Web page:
In reality, the federal government has instituted laws governing internet use and data collection. There are some legal protections for Americans regarding the way companies are allowed to collect their information and how they’re required to manage that data, including the Fair Credit Reporting Act (FCRA) and the Privacy Act of 1974.

And while all 50 states have introduced some form of legislation regarding businesses’ responsibilities if the data they’ve collected is ever exposed in a data breach, no state has gone quite as far as California. In 2018, California legislators passed the California Consumer Privacy Act (CCPA), introducing new levels of digital privacy and protection for users. The CCPA went into effect on Jan. 1, 2020, and is applicable to all businesses operating in California.

The Internet Protections Americans Want

Almost 70% of internet users wanted to know when companies are collecting their personal data and how it’s being used. Nearly half wanted the ability to acquire, collect, or delete their personal information from companies’ systems. The CCPA is currently the only law in the U.S. that gives consumers this level of control over their data.

Other popular inclusions into a proposed internet bill of rights included the ability to access the internet without providers being able to block or throttle use or create paid prioritization of some users over others (nearly 48%), followed by keeping personal data secure by the companies who collect it (43%).

Less than 32% of Americans wanted social media privacy, followed by even fewer who would request the same legal protections for digital messaging as paper mail (less than 25%), clear and transparent pricing for internet access (almost 22%), and privacy for health and fitness data (15%).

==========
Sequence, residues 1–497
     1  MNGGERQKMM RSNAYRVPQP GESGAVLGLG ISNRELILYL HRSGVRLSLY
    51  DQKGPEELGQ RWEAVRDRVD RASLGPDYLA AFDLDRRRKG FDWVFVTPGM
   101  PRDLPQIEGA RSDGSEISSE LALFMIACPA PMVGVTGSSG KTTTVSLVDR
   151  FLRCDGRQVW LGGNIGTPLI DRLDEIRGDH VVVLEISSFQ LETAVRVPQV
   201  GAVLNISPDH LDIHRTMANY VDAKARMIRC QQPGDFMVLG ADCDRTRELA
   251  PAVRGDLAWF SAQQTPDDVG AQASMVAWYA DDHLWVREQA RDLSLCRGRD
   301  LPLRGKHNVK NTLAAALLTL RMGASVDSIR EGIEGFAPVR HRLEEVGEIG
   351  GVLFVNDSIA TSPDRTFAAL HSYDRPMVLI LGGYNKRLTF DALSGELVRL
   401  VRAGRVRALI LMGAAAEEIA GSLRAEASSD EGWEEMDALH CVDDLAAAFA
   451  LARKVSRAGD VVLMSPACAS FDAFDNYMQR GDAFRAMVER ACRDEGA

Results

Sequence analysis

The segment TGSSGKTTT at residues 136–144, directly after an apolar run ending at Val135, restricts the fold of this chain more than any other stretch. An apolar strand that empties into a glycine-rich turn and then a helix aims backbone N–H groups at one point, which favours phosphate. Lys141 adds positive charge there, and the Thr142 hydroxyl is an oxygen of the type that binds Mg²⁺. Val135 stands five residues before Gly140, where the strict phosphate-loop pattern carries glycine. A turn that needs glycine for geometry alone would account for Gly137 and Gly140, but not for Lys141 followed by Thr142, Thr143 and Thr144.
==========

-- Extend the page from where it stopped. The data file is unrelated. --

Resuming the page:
Republicans were more likely to request visibility when companies collect their personal data, as well as an explanation of how it’s used (71%) compared to Democrats (around 69%), while Independents were more interested in having the ability to edit or delete the data companies acquire from them (nearly 53%).

Republicans were also far more interested in social media privacy (about 40%) compared to Democrats (31%) and Independents (27%).

The Digital Age

Internet use may not be the same across the U.S., but it is growing among every demographic. And while major data breaches have made digital privacy concerns a mainstream conversation, Americans may not realize just how exposed their data really is.

While some federal laws regulate the way online data is collected and utilized, states are largely in control of how businesses are responsible for protecting their customers during a breach. In 2018, California passed the most sweeping legislation in U.S. history, allowing users to delete or edit their personal data from the companies who collect it.

However, not all Americans are interested in having this level of control over their data. Roughly 30% of people declined access to edit or delete their data from company databases in a hypothetical internet bill of rights.

Even though they couldn’t agree on exactly what should be in an internet bill of rights, a majority of Americans at least agreed that some version of one is necessary, and many considered the internet a right rather than a privilege. If California legislation is any indication, the U.S. will likely see more stringent laws regarding consumer data in the future.